was one of Cajun music's most influential fiddlers. Although he only recorded for a brief five years (1929 to 1934),
remained an inspiration for Cajun musicians through his Acadienne festival performances and his large repertoire, which included hundreds of old Cajun songs.
's first fiddle was a gift from a cousin. After spending two days in his room teaching himself to play, McGee
had mastered two songs. Within six months, McGee
was playing for house parties throughout southwest Louisiana. McGee
and second fiddler Sady Courville
traveled to New Orleans in March and October 1929 to record a number of singles, including his original compositions "Madame Young Donnez Moi Votre (Madame Young, Give Me Your Sweetest)," "Mon Chere Bebe Creole (My Creole Sweet Mama)" and "The Happy One-Step." During subsequent recording sessions, McGee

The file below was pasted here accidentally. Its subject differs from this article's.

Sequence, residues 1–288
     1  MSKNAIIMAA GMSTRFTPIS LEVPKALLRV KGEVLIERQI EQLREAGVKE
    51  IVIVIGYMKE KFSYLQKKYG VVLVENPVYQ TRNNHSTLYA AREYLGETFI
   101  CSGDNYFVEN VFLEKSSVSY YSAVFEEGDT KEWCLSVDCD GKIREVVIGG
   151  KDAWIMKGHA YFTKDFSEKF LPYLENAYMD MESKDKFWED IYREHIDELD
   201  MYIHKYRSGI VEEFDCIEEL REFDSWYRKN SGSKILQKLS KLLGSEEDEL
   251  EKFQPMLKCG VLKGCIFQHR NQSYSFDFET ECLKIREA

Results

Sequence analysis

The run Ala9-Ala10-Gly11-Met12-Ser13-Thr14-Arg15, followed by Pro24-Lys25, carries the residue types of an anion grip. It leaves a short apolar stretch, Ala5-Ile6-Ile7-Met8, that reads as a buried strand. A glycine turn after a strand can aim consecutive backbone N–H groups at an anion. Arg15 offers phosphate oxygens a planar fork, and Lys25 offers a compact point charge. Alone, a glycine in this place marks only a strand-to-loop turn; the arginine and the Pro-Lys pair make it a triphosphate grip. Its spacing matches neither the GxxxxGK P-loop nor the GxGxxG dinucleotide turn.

was accompanied by fiddlers Ernest Fruge
and Amedee Ardoin
Although he learned to play accordion and played the squeezebox during several early dances, the fiddle remained McGee
's prime instrument. A highly rhythmic player, McGee
was known for his use of seven different tunings and his mastery of a lengthy list of dance styles.